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A Saturday morning task force meeting on the Princeton community's transit needs presented preliminary possibilities for replacing the Dinky Line —Princeton’s 173-year-old artery to New Jersey Transit's Northeast Corridor —with a more modern transit system in the long-term future.

The train line has been the subject of contentious community debate over the past few years.

Should the Dinky ever be replaced by a more modern transit system, itcould be converted into a streetcar or a light rail line, according to the study team. This line could run all the way fromPrinceton Junction to Nassau Street, as allowed under an agreement that the University made with the town in 2011.

A study committee co-funded by the University and the town of Princeton has hired URS toevaluate the most effective possibilities for a “one-seat ride” — a direct rail or bus connection from Princeton Junction to Nassau Street — as well as the possibility of a more expansive circulator service with more stops.

A streetcar or light-rail car are two of several possibilities on the table, according toStephen Gazillo,director of transportation planning at theengineering firm URS Corporation, which has been contracted to work on study. Gazillopresented the company’s preliminary findings at a community presentation onSaturday morning.

“Most of the infrastructure, including the track, the overhead wire, all of that could remain in place and be used,” Gazillo said, but a separate maintenance facility would be needed to account for voltage differences.

Although an ultimate decision about the most appropriate transit option has not yet been reached, the bus rapid transit system, or BRT,“works best,” according to Gazillo, as it incorporates off-board fare collection, facilitates transportation for the disabled and can be equipped with a priority signal that would reduce delays at intersections.

However, the bus system will most likely not replace the Dinky, as numerous members of the public, as well as citizens’ groups, have objected to previous proposals to remove it, citing the historical and cultural value of the 173-year-old rail line.

The University owns the Dinky station, Gazillo said, and 50 percent of its passengers are University-affiliated. The school is currently in the process of relocating it 460 feet south to make room for the $330 million Arts and Transit Neighborhood being developed in the Alexander Corridor. The local citizen group Save the Dinky has filed a suit challenging the University’s decision to move the Dinky station, which will be decided by a judge later this month.

“Looks like they can’t win in court, so they're going to try PR,” Tom Coughlin, one of the 82 members of the “Save the Princeton Dinky” Facebook group, wrote on the group's Facebook page in response to Saturday’s meeting.

The Alexander Street University Place Traffic and Transit Task Force formed in 2011,whenthe University made an agreement to split the costs of its assessment with the town. The agreement was negotiated as the University was seeking legal approvals for the Arts and Transit Neighborhood.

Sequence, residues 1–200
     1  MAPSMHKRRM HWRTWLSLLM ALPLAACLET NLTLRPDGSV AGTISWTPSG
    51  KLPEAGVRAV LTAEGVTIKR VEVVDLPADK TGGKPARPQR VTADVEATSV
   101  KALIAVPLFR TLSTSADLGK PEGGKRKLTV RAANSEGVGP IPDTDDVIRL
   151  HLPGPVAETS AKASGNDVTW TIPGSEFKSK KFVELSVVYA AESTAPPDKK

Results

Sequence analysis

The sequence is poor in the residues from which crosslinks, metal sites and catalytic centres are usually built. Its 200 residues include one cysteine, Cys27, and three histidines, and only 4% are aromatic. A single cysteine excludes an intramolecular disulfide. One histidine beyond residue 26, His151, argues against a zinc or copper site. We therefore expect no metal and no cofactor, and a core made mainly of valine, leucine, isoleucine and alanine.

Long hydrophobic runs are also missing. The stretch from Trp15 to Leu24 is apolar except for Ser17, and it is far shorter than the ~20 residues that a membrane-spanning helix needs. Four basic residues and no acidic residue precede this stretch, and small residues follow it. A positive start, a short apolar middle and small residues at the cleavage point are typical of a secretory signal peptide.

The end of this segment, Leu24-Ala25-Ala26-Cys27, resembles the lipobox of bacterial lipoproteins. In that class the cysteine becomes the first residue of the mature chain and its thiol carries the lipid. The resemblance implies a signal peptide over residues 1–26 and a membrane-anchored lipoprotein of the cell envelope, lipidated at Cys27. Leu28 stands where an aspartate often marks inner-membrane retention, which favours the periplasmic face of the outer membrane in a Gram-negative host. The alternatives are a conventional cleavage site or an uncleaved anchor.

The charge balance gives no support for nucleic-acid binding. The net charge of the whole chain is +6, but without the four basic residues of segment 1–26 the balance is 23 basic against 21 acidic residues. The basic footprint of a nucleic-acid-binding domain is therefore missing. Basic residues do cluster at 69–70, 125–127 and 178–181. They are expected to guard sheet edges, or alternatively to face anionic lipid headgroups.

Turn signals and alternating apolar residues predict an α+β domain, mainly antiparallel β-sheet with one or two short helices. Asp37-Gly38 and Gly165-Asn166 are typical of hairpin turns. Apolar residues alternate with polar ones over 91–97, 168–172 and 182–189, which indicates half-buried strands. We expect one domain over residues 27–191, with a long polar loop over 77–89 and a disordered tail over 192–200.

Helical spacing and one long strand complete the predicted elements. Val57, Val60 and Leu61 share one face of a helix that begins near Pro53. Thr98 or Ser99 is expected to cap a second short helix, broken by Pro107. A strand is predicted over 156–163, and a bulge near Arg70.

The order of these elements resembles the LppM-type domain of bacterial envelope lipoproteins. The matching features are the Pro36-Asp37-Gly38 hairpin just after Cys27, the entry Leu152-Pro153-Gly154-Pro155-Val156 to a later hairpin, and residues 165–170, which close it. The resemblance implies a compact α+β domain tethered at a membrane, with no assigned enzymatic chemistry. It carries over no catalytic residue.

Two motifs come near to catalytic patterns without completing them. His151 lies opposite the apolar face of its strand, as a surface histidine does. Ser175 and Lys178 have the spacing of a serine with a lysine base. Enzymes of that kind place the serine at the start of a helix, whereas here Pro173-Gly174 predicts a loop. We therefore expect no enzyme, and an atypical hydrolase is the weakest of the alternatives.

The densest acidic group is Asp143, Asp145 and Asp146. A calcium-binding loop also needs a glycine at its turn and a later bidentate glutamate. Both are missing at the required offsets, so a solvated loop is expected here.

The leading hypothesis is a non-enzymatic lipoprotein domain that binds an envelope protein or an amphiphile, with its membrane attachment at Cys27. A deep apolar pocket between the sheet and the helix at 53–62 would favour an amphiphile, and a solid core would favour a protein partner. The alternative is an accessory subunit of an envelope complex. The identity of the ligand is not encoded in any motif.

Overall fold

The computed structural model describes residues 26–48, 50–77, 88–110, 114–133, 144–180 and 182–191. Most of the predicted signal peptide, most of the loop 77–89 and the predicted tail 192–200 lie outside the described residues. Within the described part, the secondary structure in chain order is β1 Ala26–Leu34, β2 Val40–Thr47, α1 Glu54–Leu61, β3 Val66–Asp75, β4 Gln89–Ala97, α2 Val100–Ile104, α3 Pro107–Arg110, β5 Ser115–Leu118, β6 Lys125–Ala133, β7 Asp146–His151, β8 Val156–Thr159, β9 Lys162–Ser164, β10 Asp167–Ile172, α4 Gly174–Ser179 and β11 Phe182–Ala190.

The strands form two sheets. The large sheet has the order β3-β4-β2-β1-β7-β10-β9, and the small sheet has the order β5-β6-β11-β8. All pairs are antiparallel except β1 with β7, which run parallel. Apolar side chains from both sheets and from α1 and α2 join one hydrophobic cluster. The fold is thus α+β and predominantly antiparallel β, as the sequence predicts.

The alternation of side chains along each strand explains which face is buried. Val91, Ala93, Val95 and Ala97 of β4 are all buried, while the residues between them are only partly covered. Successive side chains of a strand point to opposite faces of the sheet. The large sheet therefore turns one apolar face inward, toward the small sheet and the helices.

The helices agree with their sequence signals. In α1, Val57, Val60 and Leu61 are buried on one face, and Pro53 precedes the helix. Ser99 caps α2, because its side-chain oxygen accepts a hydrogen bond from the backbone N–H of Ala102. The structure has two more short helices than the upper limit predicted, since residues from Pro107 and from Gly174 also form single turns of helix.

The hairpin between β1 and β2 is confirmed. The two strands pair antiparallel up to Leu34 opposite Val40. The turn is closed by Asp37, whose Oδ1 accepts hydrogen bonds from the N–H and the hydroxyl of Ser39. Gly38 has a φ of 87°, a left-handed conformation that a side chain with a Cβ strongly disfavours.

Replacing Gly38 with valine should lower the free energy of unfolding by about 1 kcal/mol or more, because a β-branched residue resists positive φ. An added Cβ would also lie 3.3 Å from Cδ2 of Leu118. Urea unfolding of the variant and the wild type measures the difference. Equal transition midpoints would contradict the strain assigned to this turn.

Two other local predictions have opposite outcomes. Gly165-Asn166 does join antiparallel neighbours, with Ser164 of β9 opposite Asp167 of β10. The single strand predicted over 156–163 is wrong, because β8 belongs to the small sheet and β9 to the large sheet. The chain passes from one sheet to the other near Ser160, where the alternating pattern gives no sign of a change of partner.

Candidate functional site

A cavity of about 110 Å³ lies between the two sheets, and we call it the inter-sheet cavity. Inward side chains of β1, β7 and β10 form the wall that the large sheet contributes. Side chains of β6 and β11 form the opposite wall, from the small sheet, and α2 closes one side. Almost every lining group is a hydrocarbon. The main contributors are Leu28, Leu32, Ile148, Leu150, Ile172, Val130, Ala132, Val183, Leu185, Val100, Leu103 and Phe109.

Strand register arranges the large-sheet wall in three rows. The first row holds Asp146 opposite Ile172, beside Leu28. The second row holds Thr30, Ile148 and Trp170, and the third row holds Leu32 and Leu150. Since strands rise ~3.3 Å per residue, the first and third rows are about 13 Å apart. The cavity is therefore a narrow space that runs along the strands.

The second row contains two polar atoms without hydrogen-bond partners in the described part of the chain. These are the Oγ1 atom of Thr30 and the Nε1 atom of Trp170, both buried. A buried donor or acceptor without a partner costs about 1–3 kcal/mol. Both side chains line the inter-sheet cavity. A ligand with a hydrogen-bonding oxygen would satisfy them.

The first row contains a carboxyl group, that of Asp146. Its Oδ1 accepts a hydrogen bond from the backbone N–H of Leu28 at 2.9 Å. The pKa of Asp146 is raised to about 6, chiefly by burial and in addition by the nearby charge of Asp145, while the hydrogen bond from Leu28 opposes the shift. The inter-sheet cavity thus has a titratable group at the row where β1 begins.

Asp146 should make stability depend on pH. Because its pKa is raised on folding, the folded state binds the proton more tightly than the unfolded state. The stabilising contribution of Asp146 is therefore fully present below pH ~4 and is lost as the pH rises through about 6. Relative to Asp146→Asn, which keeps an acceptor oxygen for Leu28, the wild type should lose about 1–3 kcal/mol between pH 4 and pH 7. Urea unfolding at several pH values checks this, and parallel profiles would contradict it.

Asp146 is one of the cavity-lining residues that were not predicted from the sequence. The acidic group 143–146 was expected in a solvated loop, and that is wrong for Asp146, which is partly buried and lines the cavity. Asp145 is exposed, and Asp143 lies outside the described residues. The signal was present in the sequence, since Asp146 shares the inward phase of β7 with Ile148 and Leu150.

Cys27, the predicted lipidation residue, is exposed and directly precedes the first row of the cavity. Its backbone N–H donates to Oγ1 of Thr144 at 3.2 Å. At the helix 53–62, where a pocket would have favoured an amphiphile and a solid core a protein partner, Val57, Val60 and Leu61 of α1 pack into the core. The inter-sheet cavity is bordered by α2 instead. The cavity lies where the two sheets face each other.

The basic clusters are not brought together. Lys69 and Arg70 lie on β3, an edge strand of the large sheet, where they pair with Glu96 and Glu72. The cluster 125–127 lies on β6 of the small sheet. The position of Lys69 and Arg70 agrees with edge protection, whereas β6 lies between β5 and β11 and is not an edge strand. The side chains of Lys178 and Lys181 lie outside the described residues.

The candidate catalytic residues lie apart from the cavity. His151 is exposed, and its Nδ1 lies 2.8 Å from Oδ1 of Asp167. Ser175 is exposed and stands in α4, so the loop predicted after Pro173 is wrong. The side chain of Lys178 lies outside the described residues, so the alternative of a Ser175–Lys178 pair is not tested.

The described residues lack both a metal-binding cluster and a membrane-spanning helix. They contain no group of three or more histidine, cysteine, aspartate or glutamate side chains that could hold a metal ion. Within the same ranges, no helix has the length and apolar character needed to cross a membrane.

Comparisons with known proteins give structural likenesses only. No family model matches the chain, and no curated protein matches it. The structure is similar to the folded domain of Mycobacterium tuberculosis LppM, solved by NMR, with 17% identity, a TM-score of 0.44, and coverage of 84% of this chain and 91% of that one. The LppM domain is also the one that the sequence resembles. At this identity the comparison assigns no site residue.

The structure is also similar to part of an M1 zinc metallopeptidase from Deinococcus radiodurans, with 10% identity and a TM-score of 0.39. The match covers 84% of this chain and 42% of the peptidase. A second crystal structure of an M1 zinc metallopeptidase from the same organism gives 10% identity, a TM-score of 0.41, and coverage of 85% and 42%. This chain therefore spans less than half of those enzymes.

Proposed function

In that agreement, the University guaranteed that, if a new transit system were created within the next 65 years, it would granta public right-of-way as far north as Nassau Street. The document mapped a route for the line that would skirt the Arts and Transit Neighborhood.

In addition to the transit study by URS, development consulting firm AECOM Technology Corporation conducted a study of local traffic needs.Both studies have been continuously monitored by a task force of six residents since 2011, including two from the University, director of community and regional affairs Kristin Appelget and director of transportation and parking services Kim Jackson.

According to AECOM’s data, traffic on Alexander Street will more than double by 2027, leading to possible delays of over 17 minutes per vehicle in only five years, AECOM representative Mayuresh Khare explained at the meeting.

“Building your way out of the problem is not going to work in Princeton. You have to figure out context-sensitive solutions,” Khare said, referring to the town’s historically sensitive landmarks and limited space. “There are problems [of congestion] today. With more traffic, those problems are just going to become worse.”

Khare presented four possible “improvement packages” to alleviate particularly congested areas such as Mercer Street, where he suggested creating a pedestrian plaza and limiting certain areas to local traffic. Task force member Patrick Simon noted that all of the current solutions come with tradeoffs.

“There is no free lunch here,” Simon said, noting thatthe proposed solutions will only recirculate traffic, not eliminate it.

Citizens present at the gathering raised concerns about government spending, the transportation of luggage and the conversion of car owners to transit users.

“The only way you’re going to get people out of their cars with public transit is to have a system that works so well, that so approximates what a car would do, that people will say it’s just not worth having a car,” Chip Crider ’79, an engineer and local resident, said at the meeting.He said he supports the development of a personal rapid transit system, which uses separate, automated vehicles to carry up to six passengers to locations on demand.

“The problem is that we’ve got a large faction in town that’s strictly worried about the Dinky as they perceive it now,” Crider said. “The fanciest Dinky in the world isn’t going to make two to three times as many people take it out to Princeton Junction"

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